Retail data collection consists of capturing, storing and reporting on data about the state and performance of retail stores at a certain point in time and over time.  This post presents several guidelines and best practices for setting up a successful program, especially in the context of multi-unit retail.

Step 1: Define the scope of the data collection program

What store data are you collecting?  Are you interested in merchandising audits or customer-service checklists?  Are you interested in collecting sales numbers or in capturing the store’s compliance with human resources best-practices or the company’s loss prevention policy?  Different data “buckets” may involve similar tools (often applications running on PCs, tablets and smartphones) but will probably involve different teams, using different workflows, at different times of the year.  For each “bucket” of data, pose the following questions:

  1. What data are we collecting?
  2. Where are we collecting it? Some stores only, all stores? Why?
  3. Who collects it?
  4. When is the data collected? At what frequency?  Is the data collected on a fixed schedule or ad-hoc?
  5. Who looks at the data being collected?
  6. Is the collected data actionable? Does it or should it trigger a process or response when certain conditions are met?
  7. In what format (raw or aggregated) does the data collected need to be to add value to the store and to the organization?

Step 2: Implement “checklists” and other data collection forms

In its most basic form, a checklist is a collection of best practices to uphold, for a given data “bucket”.  A data collection form is simply a form that specifies which data needs to be collected, when, where and by whom.  For information on building checklists for multi-unit retail, please refer to How to Build a Retail Audit Checklist.

Step 3: Is the data actionable?  Do you need an action plan?

Are you simply “collecting” data or are you making it actionable?  While you may initially be only interested in collecting the data, over time the organization may expect non-compliant issues and deficiencies to be assigned and resolved.  In many cases, data collection is a means to an end, not an end in itself. If you are interested in tracking deficiencies through completion, consider the benefits of an action plan.  For more information about retail action plans, please refer to Retail Audit Best Practice #5: Close the Loop with the Action Plan.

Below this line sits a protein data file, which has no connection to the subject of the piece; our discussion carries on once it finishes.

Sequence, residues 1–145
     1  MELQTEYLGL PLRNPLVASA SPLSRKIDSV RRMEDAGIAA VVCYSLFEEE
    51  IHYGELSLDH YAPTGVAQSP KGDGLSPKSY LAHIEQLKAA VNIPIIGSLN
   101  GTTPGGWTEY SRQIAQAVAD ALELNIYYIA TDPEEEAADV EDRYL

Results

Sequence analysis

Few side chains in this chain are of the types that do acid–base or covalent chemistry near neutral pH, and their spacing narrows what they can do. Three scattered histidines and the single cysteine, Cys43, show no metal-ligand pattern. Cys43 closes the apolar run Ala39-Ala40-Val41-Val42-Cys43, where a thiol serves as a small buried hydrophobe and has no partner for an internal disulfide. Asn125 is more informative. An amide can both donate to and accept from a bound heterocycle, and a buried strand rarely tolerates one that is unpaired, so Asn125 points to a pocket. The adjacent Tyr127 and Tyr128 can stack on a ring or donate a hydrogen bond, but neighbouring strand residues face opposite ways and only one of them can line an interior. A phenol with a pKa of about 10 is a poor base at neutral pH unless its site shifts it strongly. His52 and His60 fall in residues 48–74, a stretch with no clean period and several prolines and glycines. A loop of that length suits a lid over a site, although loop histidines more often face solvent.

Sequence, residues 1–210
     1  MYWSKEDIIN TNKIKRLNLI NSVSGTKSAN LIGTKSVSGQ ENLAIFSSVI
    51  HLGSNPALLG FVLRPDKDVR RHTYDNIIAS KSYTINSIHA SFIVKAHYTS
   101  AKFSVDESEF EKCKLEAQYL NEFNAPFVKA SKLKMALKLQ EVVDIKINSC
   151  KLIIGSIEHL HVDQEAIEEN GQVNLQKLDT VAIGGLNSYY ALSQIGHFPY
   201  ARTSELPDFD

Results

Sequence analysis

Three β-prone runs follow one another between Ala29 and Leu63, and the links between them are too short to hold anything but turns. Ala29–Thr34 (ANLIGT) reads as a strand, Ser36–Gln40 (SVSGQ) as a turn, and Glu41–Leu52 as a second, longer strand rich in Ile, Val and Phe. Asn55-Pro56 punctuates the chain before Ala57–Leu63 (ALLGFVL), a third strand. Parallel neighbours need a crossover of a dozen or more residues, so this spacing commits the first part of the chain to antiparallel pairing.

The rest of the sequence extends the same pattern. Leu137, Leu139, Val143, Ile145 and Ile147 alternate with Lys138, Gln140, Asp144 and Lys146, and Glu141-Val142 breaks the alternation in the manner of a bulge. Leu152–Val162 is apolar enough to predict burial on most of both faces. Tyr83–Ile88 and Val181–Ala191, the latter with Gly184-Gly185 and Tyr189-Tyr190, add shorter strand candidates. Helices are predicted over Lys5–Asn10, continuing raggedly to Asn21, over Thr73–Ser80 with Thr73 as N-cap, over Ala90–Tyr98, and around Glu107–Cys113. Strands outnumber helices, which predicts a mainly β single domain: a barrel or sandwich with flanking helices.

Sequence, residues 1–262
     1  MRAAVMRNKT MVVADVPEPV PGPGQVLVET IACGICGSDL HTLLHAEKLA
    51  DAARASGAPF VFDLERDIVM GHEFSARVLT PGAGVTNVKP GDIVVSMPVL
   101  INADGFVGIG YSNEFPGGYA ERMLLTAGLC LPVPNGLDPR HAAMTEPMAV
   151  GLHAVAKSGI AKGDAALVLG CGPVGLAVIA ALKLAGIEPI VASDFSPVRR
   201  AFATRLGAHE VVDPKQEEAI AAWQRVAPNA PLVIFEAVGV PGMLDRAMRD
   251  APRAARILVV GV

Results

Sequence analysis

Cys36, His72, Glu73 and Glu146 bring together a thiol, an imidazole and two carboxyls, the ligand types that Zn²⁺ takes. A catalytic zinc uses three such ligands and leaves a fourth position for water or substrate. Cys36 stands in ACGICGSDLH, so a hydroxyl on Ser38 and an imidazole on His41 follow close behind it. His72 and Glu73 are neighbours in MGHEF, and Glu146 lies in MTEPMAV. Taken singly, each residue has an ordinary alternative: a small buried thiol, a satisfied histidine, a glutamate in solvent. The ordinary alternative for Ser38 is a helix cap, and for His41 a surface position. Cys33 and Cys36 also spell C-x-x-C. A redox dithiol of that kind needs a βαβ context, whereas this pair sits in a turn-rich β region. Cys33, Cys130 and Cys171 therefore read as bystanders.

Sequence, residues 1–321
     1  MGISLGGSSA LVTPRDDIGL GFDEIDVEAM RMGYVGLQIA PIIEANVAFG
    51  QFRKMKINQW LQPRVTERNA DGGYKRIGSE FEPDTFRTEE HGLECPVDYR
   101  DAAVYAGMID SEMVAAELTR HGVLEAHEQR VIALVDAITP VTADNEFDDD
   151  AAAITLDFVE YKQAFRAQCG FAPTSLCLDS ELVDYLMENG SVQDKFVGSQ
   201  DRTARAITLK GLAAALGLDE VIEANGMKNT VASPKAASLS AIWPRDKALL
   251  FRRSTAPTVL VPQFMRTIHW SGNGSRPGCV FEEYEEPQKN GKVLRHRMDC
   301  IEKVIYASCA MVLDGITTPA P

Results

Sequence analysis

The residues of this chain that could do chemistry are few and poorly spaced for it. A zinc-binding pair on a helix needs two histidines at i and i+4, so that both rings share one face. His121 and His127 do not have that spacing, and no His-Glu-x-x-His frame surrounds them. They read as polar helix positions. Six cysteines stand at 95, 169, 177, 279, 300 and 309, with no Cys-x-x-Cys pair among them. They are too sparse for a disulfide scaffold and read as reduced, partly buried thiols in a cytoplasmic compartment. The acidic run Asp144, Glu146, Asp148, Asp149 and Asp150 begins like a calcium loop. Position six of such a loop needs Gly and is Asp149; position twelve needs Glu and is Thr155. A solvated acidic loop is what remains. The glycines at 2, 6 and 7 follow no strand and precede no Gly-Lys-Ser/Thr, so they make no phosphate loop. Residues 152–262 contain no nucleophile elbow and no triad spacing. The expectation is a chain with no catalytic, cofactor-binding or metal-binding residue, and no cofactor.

Step 4: Run a trial, calibrate your forms and the team involved

At the heart of any successful data collection program lies some well thought-out, field-tested forms and a field-team well aligned with the objective and contents of these forms. Multi-unit retailers often carefully build, vet and “calibrate” forms with a sample group of users and stores prior to general launch.   For more information on the purpose and benefits of form and field team calibration, refer to Retail Audit Calibration – Purpose and Best Practices.

Step 5: Decide if you need to buy or build your retail data collection software

Should you buy or build your data collection software?  The factors that need to drive your decision are your costs, your return on investment, your time-to-market and the value and benefits that you will derive from the software you chose.   A complete discussion on the economics of buying vs building your data collection tool is available at Retail Audit Software: Buy vs Build.

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